The Congo’s killing fields
Families separated. Millions left for dead. Do we share some of the blame?
Patrick Mwnyamahord knows where his father is buried because a neighbor showed him that small place. What he doesn't know is how his father got there, and there was no one he could safely ask, not then. Twelve years ago he and his family made one of a series of sudden escapes from the eastern Democratic Republic of the Congo (DRC) into nearby Burundi. On this particular exodus his father was too ill to travel and the family had to leave him.
"When we got back, he was dead," Patrick says, "and I don't know if he was killed by the enemy or by his illness. I don't know what happened to him." The "enemy" who may or may not have killed his father is a little hard to determine as well.
It could have been a gang of run-of-the-mill bandits taking advantage of the DRC's general craziness, or it could have been a group of Hutu irregulars fighting Tutsi rebels or government troops or both. It may even have been a neighbor of a different tribe who took offense at his father's ethnicity and advantage of his weakness. Members of Patrick's tribe are often set upon by larger groups in the chaotic killing field that has been the Congo's lot off and on-mostly on of late-since its 1960 independence.
The Democratic Republic of Congo, previously Zaire (its moniker under the despotic reign of Mobutu Sese Seko), straddles the equator in Central Africa. It is Africa's third largest country, the size of the entire United States east of the Mississippi. The country's 60 million people represent more than 250 distinct ethnic groups, and about half of the population is Catholic.
The thousands of refugees and mutilated survivors are testimony to the mindless brutality that has consumed this nation since a series of destabilizing conflicts began in 1996, when Tutsi pursuit of the Hutu perpetrators of the Rwandan genocide across the Congo's borders began a series of clashes that can be described as ethnic and political. But they also have roots in competition over the Congo's bountiful resources, particularly the precious metals that are currently helping to power the industrialized world's high-tech lifestyle even as their extraction delivers low-tech misery to the DRC.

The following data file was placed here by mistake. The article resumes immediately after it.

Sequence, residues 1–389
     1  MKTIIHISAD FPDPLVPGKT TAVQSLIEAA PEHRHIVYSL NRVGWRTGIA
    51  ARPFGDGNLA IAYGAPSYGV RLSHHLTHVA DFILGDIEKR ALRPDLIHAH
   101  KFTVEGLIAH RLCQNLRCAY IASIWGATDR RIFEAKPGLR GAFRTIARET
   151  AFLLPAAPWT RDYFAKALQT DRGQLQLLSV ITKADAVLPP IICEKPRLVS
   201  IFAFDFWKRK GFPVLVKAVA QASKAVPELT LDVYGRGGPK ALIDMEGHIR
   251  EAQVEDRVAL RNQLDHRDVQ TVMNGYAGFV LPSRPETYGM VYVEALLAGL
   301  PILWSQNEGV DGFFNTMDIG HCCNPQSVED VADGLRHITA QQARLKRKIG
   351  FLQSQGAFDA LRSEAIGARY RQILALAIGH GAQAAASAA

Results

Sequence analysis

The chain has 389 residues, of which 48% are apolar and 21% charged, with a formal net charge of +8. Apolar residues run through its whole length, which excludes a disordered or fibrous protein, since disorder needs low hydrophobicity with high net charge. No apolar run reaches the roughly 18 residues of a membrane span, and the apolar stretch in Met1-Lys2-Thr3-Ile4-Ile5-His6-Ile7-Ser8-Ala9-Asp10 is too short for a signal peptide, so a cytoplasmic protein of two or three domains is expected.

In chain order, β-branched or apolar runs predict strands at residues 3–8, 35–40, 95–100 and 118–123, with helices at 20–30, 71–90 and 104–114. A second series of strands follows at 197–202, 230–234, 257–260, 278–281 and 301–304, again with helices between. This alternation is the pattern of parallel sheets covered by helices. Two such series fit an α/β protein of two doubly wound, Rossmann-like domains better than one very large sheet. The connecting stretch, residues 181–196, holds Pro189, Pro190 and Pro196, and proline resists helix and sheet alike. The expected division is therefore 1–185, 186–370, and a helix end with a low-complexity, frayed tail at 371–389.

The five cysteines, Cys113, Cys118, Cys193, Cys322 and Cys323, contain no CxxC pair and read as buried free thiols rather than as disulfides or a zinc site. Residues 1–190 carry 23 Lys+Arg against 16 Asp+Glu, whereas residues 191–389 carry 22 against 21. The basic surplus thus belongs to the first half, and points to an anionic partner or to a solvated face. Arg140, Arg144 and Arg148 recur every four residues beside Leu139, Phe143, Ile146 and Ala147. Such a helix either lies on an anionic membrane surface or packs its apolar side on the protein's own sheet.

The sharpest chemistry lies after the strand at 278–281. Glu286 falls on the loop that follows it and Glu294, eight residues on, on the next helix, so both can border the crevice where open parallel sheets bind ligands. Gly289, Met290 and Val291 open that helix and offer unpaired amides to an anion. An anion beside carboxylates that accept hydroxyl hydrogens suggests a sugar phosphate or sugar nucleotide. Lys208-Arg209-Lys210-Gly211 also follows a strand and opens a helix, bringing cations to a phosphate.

According to the International Rescue Committee as many as 5.4 million people have died in this African holocaust since 1998, making it the world's deadliest documented conflict since World War II.
The suffering has gone largely unnoticed in the West. The United Nations has only recently achieved a fragile success in curtailing it. In January the Congolese government and 22 armed groups signed a cease-fire and peace agreement in the DRC city of Goma. The Congolese government set up a peace program for eastern Congo called the Amani Program and appointed Abbé Apollinaire Malu Malu, a Catholic priest, to organize the efforts.
All signatories to the Goma accord committed to stop any human rights abuses, but since the peace negotiations at least 86 civilians have disappeared or been executed, including some children, and at least 500 women and girls have been raped. Tutsi, Mai-Mai, and Hutu militias remain armed and ready to fight; child soldiers continue to be "recruited" in village conscription raids.
How often did Patrick and his family flee such "problems," his word for the violence that has assailed his community? Hands wave away the futility of trying to determine a specific figure. "Many, many times," say Francine and Serieux, Patrick's sister and brother, now sharing a couch in a Chicago apartment. "Many, many times," Patrick agrees.